Does this mean a disapproval resolution may be in the works? At the very least, it suggests that the White House did nothing to prepare Congress for the termination — or to ensure legislators would not fast-track a disapproval vote.
To be sure, there are impacts to prepare for, but they are impacts the U.S. unquestionably can build the capacity to handle. In the CDC’s termination order, the agency acknowledged that “the resumption of border operations … and the need to put additional appropriate COVID-19 mitigation measures in place, requires time to operationalize in a manner that protects the health and safety of the migrants, workforce, and American communities.” Although there are several nods that indicate that “important steps” are being taken to effectuate these changes, the order offers no substance on what those steps are — to its detriment.
One of the primary reasons that the APA requires a notice-and-comment period is to allow outside experts to help fill in these critical gaps and give lawmakers and the public a sense of how agencies are preparing for an impending regulatory move. Even though the termination dismisses the application of the APA in the case of this rule, it does offer a justification for why, even if the APA did apply, it qualifies for an exception. And here, we see the distinct holes in its rationale.
In the CDC order, the administration cites the “good cause” exception in 5 U.S.C. § 533(a)(1) as a rationale for bypassing the notice-and-comment period, but the justifications fall comically short on substance. The order states,“In light of the [order’s] significant disruption of ordinary immigration processing and DHS’s need for time to implement an orderly and safe termination of the order, there is good cause not to delay issuing this termination […].”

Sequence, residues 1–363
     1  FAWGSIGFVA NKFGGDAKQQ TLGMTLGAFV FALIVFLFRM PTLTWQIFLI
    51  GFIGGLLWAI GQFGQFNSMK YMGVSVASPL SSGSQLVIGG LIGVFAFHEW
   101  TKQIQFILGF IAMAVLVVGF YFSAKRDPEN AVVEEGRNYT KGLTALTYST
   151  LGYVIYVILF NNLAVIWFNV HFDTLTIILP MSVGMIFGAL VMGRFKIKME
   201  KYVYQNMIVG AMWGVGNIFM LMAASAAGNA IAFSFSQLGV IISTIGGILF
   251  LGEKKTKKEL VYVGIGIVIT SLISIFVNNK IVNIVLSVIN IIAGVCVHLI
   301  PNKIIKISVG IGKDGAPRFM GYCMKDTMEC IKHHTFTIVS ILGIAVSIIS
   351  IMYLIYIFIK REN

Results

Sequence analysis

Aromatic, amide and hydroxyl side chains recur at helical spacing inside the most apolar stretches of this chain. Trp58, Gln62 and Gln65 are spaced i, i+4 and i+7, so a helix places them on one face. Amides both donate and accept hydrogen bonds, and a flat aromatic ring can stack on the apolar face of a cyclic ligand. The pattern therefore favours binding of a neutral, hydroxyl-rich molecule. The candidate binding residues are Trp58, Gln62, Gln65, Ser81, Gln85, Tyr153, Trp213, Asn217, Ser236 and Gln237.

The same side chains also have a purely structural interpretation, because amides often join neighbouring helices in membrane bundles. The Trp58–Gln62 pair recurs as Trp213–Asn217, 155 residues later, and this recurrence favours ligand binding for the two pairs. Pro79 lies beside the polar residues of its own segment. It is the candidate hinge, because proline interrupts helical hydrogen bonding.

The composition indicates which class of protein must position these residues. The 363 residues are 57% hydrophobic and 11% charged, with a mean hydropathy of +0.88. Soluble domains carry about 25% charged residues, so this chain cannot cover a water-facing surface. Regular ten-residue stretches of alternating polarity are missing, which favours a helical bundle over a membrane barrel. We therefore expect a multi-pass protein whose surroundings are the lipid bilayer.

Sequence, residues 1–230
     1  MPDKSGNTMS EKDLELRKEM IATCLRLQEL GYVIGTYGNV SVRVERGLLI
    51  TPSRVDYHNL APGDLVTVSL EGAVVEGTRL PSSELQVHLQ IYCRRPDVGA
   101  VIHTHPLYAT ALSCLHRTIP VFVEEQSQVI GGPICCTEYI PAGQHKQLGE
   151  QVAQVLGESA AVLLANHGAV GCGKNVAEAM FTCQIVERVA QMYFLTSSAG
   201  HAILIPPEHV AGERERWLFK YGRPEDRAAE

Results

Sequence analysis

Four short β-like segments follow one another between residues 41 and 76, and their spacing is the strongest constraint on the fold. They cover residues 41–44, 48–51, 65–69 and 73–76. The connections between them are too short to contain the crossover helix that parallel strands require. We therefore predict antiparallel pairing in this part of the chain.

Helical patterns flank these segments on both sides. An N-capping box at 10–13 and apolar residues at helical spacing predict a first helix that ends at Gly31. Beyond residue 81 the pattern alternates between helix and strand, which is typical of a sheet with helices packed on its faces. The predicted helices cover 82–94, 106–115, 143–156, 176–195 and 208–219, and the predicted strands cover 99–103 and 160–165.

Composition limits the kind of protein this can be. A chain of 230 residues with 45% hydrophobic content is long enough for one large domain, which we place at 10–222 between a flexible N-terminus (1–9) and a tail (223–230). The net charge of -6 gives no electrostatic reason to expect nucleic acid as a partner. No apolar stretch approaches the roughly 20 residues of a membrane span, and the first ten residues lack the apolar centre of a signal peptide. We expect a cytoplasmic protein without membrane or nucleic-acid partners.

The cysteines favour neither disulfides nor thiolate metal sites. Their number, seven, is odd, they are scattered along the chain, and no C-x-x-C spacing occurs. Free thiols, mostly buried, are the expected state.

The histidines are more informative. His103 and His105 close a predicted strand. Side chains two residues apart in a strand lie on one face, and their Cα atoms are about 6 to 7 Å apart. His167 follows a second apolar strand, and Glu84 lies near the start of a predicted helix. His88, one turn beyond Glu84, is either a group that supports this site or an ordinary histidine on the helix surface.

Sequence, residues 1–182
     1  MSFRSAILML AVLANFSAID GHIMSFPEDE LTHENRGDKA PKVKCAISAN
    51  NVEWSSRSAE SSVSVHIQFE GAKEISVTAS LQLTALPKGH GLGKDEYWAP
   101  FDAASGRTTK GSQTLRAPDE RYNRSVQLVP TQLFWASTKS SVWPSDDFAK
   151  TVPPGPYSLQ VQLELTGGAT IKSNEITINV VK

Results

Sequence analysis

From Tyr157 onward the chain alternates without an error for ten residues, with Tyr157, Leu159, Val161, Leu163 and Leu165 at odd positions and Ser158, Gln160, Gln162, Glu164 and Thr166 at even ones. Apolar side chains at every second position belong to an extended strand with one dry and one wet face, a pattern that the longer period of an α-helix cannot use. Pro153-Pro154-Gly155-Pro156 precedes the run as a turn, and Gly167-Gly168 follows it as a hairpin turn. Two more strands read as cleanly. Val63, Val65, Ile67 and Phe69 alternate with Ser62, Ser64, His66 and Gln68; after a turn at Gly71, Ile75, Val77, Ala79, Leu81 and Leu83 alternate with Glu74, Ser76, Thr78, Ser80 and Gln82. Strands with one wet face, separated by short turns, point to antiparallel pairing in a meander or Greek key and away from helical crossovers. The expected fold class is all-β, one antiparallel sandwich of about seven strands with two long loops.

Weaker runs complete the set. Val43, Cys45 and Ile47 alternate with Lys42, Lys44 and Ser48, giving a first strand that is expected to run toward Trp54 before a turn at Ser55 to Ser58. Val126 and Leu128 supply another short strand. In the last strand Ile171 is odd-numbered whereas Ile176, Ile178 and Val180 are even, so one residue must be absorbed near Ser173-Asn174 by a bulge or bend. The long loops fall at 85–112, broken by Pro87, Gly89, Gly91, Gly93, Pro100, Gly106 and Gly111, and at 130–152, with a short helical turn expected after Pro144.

It seems like the CDC is talking out of both sides of its mouth. On the one hand, there is much to be done to prepare for the termination of the order, which the CDC acknowledges will cause significant disruption. And on the other, there is no time to think through what those changes may be or let the public know how we plan to deal with them in advance.
Indeed, the initial promulgation of Title 42 without notice and comment was reasonable grounds for a good-cause exception — we were on the precipice of a life-altering pandemic. But the administration has had ample time to take public comment since then and help prepare to manage the number of asylum seekers the U.S. must process under our immigration laws. Though the order suggests that public comment will offer little substantive feedback, that is a moot point. Notice-and-comment periods do not have a minimum threshold for cerebral or pensive responses — just comments. And given that the administration acknowledges the complicated nature of lifting Title 42 but has offered up zero guidance on how to mitigate those impacts, it sounds like officials need all the help they can get.
All of this begs the question — was Biden’s termination of Title 42 meant to appease those pushing for asylum seekers to be let back into the country without actually preparing to achieve that end? Kind of seems like it.